SCIENCE
07/13/2015 08:17 am ET Updated Dec 06, 2017

That Map Of Tastes On The Tongue That You Learned In School Has No Scientific Basis

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Everything you know about where various taste receptors are on your tongue is probably wrong.

It turns out that the beloved tongue map many of us learned in school -- which shows bitter tastes are detected in the back of the tongue while sweet tastes are detected at the tip -- has no scientific basis. That's the word from Dr. Steven Munger, associate director of the Center for Smell and Taste at the University of Florida.

"The idea that certain areas of the tongue might be more sensitive to one taste quality or another is supported by many modern experiments, including ones that emerged from the sequencing of the human genome," Munger told The Huffington Post in an email. "However, how much that regionalization matters in our daily lives is harder to say."

The tongue map originated with a German researcher named D.P. Hänig. A study he wrote, published in 1901, showed that some areas on the tongue are more sensitive than others to certain tastes, but only slightly. Over the years, this finding was misrepresented and illustrated as an actual map.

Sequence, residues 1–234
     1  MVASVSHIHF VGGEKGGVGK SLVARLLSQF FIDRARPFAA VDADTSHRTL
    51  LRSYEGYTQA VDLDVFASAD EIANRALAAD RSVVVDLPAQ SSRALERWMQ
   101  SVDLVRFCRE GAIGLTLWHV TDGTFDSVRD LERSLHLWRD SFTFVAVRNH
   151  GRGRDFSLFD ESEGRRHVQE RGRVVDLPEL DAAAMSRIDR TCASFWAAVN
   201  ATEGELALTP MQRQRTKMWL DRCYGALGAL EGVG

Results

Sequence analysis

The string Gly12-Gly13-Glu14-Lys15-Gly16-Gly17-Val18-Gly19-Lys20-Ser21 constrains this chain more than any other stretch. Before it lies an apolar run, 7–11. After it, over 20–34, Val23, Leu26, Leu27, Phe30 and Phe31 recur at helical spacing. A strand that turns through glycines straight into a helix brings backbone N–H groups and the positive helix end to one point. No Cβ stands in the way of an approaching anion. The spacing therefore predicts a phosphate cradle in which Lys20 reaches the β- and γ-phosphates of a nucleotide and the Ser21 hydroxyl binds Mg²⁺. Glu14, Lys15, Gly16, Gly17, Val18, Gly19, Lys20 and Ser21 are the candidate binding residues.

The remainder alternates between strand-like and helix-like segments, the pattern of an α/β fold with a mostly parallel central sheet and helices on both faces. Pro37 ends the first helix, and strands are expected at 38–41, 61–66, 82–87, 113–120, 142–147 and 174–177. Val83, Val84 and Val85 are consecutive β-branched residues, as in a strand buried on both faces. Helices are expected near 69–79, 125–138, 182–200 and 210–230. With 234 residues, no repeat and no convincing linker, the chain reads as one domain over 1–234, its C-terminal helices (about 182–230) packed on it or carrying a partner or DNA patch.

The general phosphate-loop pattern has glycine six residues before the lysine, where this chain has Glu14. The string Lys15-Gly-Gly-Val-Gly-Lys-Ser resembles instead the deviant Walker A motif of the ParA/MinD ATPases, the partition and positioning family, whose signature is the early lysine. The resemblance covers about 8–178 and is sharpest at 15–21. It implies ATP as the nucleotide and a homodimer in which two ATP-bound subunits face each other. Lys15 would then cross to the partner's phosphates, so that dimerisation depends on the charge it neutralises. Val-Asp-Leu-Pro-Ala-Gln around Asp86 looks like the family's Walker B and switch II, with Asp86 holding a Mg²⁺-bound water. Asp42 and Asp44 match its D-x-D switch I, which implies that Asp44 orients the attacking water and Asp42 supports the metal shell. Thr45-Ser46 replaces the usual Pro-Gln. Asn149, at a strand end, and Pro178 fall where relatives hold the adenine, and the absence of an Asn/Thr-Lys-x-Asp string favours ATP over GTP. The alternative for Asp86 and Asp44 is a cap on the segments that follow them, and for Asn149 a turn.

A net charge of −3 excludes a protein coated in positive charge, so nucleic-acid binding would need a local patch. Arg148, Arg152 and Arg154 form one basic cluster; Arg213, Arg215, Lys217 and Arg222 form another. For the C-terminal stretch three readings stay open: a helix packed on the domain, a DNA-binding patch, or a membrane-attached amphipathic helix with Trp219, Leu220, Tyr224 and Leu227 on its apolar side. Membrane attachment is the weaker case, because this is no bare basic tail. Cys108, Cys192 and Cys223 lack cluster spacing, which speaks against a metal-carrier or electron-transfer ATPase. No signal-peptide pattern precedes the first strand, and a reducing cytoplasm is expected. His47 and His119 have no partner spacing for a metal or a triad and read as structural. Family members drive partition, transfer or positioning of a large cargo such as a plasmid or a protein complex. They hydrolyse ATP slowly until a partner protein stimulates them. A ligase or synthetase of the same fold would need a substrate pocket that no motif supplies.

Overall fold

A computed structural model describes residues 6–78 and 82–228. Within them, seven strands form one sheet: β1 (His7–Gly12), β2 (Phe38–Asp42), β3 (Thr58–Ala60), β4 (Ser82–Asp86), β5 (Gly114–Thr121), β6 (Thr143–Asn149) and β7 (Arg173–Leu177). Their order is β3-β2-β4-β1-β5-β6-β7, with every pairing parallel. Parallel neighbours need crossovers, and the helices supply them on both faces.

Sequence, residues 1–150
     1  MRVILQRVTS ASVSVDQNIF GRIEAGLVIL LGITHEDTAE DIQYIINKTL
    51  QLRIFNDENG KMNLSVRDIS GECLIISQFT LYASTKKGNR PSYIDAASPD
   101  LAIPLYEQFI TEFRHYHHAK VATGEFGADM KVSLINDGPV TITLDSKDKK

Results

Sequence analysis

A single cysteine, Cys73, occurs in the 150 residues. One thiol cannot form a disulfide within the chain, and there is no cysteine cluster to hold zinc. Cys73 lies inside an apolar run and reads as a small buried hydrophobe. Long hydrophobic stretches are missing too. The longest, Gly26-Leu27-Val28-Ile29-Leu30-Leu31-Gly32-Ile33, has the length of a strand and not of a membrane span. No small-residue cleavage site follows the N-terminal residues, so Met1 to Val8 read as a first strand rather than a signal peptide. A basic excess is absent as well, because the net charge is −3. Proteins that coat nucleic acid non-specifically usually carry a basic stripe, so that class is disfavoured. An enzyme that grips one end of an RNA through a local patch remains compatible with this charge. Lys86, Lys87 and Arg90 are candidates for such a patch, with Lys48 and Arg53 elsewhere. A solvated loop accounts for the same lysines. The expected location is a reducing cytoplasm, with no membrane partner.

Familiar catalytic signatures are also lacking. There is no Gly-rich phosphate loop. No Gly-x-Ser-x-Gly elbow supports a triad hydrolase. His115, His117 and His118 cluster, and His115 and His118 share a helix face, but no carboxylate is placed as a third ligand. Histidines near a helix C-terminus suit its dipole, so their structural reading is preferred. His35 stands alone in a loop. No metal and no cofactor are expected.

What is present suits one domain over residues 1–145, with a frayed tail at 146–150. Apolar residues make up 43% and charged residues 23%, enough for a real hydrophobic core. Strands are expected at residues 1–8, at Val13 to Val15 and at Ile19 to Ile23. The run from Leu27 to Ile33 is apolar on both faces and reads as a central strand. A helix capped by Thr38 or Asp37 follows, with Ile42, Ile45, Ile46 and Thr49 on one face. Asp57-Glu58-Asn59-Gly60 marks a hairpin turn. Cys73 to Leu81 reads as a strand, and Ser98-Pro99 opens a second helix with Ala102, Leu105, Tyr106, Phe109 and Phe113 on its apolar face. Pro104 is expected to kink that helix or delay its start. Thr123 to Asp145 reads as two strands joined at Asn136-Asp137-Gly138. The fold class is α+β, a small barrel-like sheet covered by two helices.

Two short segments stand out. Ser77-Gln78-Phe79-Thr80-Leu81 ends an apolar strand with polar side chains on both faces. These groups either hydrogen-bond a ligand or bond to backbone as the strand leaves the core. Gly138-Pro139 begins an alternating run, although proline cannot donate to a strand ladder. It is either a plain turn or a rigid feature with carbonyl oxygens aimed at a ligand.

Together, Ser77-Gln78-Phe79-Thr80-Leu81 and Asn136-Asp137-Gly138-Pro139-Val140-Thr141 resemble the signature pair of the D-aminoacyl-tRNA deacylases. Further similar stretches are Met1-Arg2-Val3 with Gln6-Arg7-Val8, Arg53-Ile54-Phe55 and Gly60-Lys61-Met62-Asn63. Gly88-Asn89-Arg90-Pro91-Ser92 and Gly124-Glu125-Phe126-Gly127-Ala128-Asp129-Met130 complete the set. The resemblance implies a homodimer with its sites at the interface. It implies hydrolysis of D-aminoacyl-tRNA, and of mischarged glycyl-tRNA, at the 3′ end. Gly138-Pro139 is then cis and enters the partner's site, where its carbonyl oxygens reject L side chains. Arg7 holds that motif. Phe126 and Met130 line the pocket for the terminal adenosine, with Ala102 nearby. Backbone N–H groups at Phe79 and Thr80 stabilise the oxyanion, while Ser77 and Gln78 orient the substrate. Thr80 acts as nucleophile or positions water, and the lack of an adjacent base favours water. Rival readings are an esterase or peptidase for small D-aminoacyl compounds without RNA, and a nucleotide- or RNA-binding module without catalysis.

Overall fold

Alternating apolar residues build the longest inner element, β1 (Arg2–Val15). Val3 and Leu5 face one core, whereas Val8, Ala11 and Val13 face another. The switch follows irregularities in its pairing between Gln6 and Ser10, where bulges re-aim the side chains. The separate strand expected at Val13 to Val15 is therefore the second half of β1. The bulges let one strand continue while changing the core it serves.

"When somebody translated it almost 100 years later into English, they just mistranslated it," Dr. Nirupa Chaudhari, professor of physiology and biophysics at the University of Miami School of Medicine, told The Huffington Post in a telephone interview. "And where he said there isn't a map, it got translated into that there is a map."

In other words, as Munger said in the email, "It went from the original claim of relative responsiveness to one of absolute responsiveness. That is the basis of the tongue map that persists in so many textbooks today."

(Story continues below.)
tongue map
The misleading tongue map that refers to distinct regions for tasting different tastes: 1) Bitter, 2) Sour, 3) Salt and 4) Sweet.

So then, what's the truth about the tongue? Just think of what would happen if you put a Q-tip in lemonade and then placed that Q-tip anywhere on your tongue, Chaudhari said. You should be able to taste the lemonade regardless of where you place the Q-tip.

"With that said, there certainly is greater sensitivity for some tastes in some areas and other tastes in other areas," Chaudhari told HuffPost. "Sweet taste is detected prominently on the front part of your tongue, but it's not just the tip. ... And you can taste bitter everywhere in your mouth but you can strongly taste it in the back of the tongue. But it's not like there are boundaries."

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